By Robert Jones, Jr., re-posted from his MLK Day substack newsletter. Subscribe here.
“The majority of white Americans consider themselves sincerely committed to justice for the Negro. They believe that American society is essentially hospitable to fair play and to steady growth toward a middle-class Utopia embodying racial harmony. But unfortunately this is a fantasy of self-deception and comfortable vanity.”
— Martin Luther King, Jr., Where Do We Go from Here: Chaos or Community? (1967)
Today is Martin Luther King, Jr. Day. It is a day on which a particular kind of performance is expected of every Black American.
It is believed that we should join hands; sing sweet gospel songs; be respectable, conciliatory, and most importantly, civil representatives of the man assassinated by the very nation that turned him into a hollow holiday platitude. A man whose face they put on postage stamps and t-shirts to sell back to us at a premium.
For us, today is supposed to be a day of forgiving, certainly; but most of all: of forgetting.
This day inspires a peculiar kind of performance from white Americans as well. In their case, they use it to convince themselves of their own “inherent goodness,” “godliness,” and “innocence”—even in the face of overwhelming evidence to the contrary. These are people who voted for Ronald Reagan and Donald Trump; who “don’t have a racist bone in their bodies” but vote against any and every measure that might even suggest Black equity and restitution; who watch videos of unarmed Black people being murdered by police and ask: “Well, what did they do to deserve it?”; who are in collusion with the judicial and legislative representatives replacing every living dream Ancestor Martin had with a wicked nightmare.
These are the people who are keen to remind anyone who questions their motives how they, or some relative of theirs, “marched with King” during the civil rights movement of the 1960s, but whose politics are best represented by the pigs walking on two legs in George Orwell’s Animal Farm:
“All animals are equal, but some animals are more equal than others.”
Whether for Black people or for white people, the design of this day insists upon cursory glances instead of thorough examinations. It hides misdirection beneath a blanket of aspirations. It pulls words out of their context rather than encouraging that the entire book be read, cover to cover, multiple times.
This day…this constructed day, my dear family…is a pathological liar.
If it is to be of any use to anyone (and I am well aware that it was intended to be of no use to nobody), Martin Luther King, Jr. Day can only be a day of mourning.
Everyone who hears the name Martin Luther King, Jr. should feel haunted. Not just by the ravaging attack dogs or flesh-rending water hoses or ice cream floats poured over the heads of teenagers at lunch counters. Not just by the little boys strapped in electric chairs, little girls blown up in churches, grown men strung up like kites, or grown women tossed into alleyways like trash.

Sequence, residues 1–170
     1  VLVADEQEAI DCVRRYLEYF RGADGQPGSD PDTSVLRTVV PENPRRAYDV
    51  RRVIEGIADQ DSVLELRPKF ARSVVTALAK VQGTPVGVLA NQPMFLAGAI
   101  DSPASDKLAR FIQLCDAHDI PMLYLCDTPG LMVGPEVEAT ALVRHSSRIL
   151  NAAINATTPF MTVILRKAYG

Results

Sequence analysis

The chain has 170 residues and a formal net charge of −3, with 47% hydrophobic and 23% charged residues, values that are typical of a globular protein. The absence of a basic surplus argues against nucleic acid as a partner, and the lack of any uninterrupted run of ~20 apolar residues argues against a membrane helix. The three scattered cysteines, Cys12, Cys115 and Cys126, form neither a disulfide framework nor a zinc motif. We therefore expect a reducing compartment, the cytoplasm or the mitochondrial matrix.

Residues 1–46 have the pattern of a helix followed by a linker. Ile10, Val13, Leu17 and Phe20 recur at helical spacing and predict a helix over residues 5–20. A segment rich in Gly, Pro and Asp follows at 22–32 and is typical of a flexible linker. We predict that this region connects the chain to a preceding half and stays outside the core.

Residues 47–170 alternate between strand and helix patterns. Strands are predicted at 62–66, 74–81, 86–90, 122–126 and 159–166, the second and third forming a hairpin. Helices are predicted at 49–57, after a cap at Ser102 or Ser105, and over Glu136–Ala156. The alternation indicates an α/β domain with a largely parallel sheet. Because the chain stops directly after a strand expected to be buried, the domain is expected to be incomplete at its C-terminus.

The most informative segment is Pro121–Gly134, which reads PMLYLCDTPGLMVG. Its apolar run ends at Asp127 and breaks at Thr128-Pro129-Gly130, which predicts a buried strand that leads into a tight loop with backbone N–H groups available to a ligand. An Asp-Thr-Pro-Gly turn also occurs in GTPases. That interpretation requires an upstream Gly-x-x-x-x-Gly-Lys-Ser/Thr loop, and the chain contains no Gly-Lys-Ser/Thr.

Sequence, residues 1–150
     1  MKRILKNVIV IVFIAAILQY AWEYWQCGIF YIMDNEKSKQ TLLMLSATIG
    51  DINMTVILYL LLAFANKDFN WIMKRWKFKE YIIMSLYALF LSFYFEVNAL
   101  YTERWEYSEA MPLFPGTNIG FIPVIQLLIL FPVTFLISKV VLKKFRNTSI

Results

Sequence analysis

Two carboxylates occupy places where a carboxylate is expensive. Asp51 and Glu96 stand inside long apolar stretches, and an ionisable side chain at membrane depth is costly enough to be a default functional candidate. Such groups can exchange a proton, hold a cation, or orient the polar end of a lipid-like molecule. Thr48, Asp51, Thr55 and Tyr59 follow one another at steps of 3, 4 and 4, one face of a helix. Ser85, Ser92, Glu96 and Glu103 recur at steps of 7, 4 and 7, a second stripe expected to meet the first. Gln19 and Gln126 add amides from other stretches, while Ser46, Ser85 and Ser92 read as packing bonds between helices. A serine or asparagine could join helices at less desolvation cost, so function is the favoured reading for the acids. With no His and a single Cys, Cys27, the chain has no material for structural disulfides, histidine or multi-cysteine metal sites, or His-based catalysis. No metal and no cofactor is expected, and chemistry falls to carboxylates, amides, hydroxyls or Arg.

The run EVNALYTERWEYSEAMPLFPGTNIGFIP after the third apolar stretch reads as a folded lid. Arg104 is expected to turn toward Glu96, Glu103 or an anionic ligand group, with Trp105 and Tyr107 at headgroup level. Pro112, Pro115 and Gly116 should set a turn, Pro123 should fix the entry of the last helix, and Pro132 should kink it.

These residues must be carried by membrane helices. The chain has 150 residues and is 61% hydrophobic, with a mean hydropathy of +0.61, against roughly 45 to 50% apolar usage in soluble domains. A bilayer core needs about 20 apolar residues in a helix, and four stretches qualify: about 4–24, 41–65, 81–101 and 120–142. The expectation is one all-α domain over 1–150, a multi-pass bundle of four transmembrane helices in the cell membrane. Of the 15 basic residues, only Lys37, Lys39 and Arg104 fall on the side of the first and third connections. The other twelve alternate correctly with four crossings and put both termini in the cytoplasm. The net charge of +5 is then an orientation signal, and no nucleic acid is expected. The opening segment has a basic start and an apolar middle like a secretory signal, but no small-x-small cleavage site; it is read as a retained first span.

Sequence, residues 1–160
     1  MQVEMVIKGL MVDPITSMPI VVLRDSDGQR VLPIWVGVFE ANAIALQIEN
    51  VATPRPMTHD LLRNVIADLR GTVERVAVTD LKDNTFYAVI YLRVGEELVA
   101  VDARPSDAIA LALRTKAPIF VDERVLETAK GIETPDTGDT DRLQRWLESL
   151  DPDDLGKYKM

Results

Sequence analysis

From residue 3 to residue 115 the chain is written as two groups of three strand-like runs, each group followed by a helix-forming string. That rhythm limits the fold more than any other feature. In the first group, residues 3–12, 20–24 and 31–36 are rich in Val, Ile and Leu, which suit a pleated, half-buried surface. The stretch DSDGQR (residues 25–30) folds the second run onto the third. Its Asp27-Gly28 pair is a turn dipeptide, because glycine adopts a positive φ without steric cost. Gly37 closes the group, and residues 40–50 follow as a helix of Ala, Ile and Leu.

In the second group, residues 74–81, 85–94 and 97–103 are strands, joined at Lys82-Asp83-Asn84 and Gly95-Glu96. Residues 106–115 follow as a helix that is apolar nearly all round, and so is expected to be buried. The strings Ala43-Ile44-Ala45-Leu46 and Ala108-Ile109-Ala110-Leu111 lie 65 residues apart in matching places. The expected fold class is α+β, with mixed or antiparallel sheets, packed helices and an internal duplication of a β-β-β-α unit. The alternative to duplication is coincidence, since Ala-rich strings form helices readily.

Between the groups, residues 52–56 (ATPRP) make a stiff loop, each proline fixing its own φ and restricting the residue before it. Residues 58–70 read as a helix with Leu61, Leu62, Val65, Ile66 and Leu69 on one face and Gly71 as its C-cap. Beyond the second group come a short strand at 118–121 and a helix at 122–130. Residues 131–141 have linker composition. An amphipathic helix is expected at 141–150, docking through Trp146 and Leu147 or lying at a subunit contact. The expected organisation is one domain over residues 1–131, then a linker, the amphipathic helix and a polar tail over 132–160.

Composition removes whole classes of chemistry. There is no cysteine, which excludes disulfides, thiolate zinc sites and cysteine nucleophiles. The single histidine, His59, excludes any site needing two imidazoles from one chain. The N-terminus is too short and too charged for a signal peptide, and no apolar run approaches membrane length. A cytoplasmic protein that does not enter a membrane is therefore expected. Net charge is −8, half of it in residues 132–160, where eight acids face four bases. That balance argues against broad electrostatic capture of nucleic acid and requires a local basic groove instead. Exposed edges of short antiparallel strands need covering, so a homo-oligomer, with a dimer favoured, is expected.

But also by splattered blood and the balconies of cheap motels.
Those fingers pointing yonder? They might be pointing at you.
What haunts me on this day is knowing that my Ancestor was about to start a poor people’s movement; and America, shaking in its designer boots at the very thought, finally had to be rid of him. In their bone-deep sadism, they chose the goriest possible way to do it.
This is a day of mourning. That is all it can be. And the mourning should be endless because this country’s crimes are endless. Chief among them is to blame Black people for all of its sins. No. More than blame, this country positions Black people as the sin. Sadly, even some Black people agree with that mis-framing (a demonstration of our programming). We turn our noses up at each other. We are embarrassed by each other. We mimic the cruelties we endure and direct them toward one another. We abandon our ancient pact of community and declare war on each other over the scraps thrown from the same tables we are not invited to dine at.
We clamor to be seated at these tables, but do we ever ask what is being served? Here’s a hint: “Soylent Green is people.” And we are not cannibals, are we? Are we?
My gut says no. But diets are always subject to change. So taking self-inventory is imperative.
Ancestor Martin had a dream, but America consumes Negro dreams.
Because America dreams of subjugation.
America dreams of cash.
America dreams of star-spangled nooses.
America dreams of death.
That is why, for me, Martin Luther King, Jr. Day is mourning time.
It is a wake.
Mourn with me, then.
And it is okay to weep.
But afterwards, we must gather ourselves and prepare for the long and impossible work of healing.
Robert Jones, Jr. (formerly known as “Son of Baldwin”) is the author of The New York Times bestselling novel, The Prophets, which won the 2022 Publishing Triangle Edmund White Award for Debut Fiction and the 2022 NAIBA Book of the Year Award for Fiction. It was also a finalist for the 2021 National Book Award for Fiction and was named a notable book by The New York Times and one of the best books of 2021 by Time, Entertainment Weekly, USA Today, NPR, The Boston Globe, and The Washington Post, among many others. His writings have been featured in The New York Times, Essence, and The Paris Review, as well as in the critically acclaimed anthologies Four Hundred Souls and The 1619 Project.
The Prophets has been translated into at least 12 languages, and is available (or will soon be available) in more than 23 countries, including: Australia, Brazil, Canada, England, France, Germany, Greece, India, Ireland, Israel, Italy, The Netherlands, New Zealand, Portugal, Romania, Russia, Scotland, South Africa, Spain, Sweden, Trinidad, Turkey, the United States, and other territories.
For more information, please visit: https://www.sonofbaldwin.com.